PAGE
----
The number thirteen has lived up to its history – a very good day for
me. In short, otters. Otters, otters, and more otters. And I got to
handle a bird of prey, a Bengal Eagle Owl…and might I say…..he
We had a brilliant morning on the way to Devon at the Tamar Otter
and Wildlife Sanctuary. They keep both Asian small clawed otters
(the ones we have in our zoos) and most fascinatingly, British otters
who come in for rehabilitation and sometime stay, when they decide
life is better at the sanctuary than it might be in the big bad world.
The otters are kept in family groups so their social bonds are in tact,
and we were able to observe the mother’s behavioural tactics in
serving and protecting her cubs.
We were lucky to arrive at display and feeding time. First the birds
of prey, where I was lucky to hold my owl; we were also privileged
to hear a most knowledgable keeper as he talked us through their
thinking power, physical strength, killing techniques, sight and
hearing attributes of the Bengal Eagle Owl, the Snow Owl
(Hedwig!), a Kestral and a Falcon. All amazing birds, who were
allowed to hunt and returned to their keeper of thier own accord.
The otters were next. Much squeaking from the Asian small clawed
crew, who swore they were STARVING…when in fact they get fed 4
times a day, and a equally knowledgeable keeper who took us
through otter social and familial mores. Four sets of Asian
otters….and then three sets of the British Otters. So different!
Bigger, furrier, longer heads, but with rounder faces. Equally
squeaky and demanding, still four feeds a day, but with bigger fish.
Love, love, love.
As an aside, the fish come from the local fish and chip shop…they
can’t use the bony bits and have to pay to get rid of them…so they
give them to the otters. Recycling at its best.
Have loved for decades a very old movie called “Ring of Bright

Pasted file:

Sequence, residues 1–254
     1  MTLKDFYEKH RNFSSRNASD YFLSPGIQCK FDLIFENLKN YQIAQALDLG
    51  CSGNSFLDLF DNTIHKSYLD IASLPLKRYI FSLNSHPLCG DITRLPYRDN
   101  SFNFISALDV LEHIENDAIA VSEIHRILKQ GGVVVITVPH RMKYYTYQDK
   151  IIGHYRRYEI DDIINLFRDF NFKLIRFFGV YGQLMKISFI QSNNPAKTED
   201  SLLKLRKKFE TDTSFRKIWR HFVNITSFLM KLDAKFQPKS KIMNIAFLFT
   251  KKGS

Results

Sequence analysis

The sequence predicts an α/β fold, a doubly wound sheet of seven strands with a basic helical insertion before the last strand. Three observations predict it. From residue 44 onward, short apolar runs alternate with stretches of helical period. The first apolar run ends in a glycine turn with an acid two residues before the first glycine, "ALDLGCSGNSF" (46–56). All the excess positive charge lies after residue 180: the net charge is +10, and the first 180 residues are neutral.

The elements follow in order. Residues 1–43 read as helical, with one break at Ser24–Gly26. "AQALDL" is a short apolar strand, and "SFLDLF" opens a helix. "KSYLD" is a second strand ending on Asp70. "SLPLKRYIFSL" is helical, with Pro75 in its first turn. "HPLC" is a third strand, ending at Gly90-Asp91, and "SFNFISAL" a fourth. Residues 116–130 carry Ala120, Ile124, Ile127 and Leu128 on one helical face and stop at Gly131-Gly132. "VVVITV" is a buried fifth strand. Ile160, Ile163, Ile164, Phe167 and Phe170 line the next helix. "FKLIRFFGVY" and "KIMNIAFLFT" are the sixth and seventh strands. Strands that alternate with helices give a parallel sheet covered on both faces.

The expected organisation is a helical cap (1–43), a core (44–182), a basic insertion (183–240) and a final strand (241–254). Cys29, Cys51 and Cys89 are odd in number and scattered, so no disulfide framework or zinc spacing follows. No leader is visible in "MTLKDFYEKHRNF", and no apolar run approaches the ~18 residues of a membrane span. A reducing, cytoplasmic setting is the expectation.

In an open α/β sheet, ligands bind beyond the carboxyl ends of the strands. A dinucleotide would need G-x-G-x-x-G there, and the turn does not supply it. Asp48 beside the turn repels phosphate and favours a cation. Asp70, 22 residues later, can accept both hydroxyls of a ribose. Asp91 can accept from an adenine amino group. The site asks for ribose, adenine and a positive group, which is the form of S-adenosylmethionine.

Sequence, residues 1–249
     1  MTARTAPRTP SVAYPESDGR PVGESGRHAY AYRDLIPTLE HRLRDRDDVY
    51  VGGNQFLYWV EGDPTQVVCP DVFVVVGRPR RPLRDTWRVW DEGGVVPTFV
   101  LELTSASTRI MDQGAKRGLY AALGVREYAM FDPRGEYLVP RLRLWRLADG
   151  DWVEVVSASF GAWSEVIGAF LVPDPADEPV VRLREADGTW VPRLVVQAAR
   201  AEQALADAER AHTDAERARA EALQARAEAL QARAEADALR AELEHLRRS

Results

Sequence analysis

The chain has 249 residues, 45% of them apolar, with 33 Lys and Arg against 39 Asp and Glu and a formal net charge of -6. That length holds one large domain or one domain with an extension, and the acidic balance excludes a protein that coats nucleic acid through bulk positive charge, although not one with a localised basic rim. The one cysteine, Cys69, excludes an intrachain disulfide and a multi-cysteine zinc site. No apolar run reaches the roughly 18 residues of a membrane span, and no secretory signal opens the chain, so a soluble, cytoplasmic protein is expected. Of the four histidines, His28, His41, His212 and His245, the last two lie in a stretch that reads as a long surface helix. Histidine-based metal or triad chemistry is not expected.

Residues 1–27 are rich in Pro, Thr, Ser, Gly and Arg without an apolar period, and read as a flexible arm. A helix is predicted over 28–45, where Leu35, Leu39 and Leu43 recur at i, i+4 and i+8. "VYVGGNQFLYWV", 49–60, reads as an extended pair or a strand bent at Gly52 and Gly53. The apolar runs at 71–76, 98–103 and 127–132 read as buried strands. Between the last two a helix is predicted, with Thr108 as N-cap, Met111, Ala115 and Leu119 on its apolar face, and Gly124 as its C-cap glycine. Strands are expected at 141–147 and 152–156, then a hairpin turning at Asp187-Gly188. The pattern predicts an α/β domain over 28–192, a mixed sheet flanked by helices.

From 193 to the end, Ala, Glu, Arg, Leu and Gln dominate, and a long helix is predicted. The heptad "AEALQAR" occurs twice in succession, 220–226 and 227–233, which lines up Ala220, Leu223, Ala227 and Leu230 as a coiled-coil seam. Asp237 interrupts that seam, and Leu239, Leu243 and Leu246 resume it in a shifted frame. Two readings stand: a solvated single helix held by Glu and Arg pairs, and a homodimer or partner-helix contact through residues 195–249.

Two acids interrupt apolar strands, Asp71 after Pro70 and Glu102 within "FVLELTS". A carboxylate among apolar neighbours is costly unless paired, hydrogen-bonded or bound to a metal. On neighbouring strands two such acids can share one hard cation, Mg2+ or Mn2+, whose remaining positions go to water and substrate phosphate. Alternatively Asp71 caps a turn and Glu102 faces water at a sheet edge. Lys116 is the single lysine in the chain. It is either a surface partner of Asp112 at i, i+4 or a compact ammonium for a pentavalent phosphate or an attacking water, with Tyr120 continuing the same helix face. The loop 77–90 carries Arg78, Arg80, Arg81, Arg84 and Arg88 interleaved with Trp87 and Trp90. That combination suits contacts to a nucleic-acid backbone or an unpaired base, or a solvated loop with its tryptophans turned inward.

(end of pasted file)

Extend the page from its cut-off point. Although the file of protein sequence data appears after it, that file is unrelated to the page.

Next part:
Water” the story of a man who rescues an otter from a British pet
store in the 60s and sets him up in his London flat, only to find that
it doesn’t quite work. He then moves his otter and his life to the
Scottish seaside to write. It’s a true story with a sad ending. I must
have watched it countless times and longed for an otter to call my
own….and here are my beloved British Otters, cavorting in ottery
person. I got the best shot of one begging for a fish, mid squeak,
and was totally captivated otherwise.
Otters fed, we toured the rest of the sanctuary, and saw chipmunks,
polecats….with babies, wallabies, countless water fowl and owls,
peacocks, ducks and baby ducks, and lastly Scottish wild cats. Oh
my goodness…Scottish wildcats. Lazy in the sun, having a very catty
cleaning session, and much like an oversized tabby…but with a
bucket load of attitude to spare.
We left after lunch at the cafe, and the feeling that the animals were
loved and well cared for. A very happy place.
Also stopped off at the Lydford Gorge on the way forward. Only got
to to take brief peek at it, but what a pretty area. A river ran
through the base of the gorge, full of trout fingerlings, lovely
mossed trees and dappled sunlight. Gorgeous.
Ensconced at home in our new spot now, a drink at the local pub,
and home made burgers for dinner.
Otts. I do love them. Happy little creatures. Happy day. Otterly
lovely, one might say.